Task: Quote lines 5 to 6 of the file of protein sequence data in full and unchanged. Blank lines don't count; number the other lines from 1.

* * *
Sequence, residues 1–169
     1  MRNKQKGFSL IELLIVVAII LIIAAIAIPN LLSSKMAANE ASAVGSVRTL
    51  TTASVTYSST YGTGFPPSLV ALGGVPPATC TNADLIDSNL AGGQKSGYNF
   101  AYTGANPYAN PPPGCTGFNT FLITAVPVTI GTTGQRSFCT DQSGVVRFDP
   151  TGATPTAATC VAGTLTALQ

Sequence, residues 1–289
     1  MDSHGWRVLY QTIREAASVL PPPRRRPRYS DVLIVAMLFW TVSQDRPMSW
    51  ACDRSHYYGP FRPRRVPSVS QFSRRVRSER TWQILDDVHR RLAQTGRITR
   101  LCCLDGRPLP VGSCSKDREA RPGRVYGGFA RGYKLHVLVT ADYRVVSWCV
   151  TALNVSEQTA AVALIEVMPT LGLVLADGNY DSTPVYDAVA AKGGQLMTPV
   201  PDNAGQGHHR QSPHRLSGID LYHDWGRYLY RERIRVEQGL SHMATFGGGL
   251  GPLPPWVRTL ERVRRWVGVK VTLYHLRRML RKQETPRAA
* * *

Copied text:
   151  TGATPTAATC VAGTLTALQ

Sequence, residues 1–289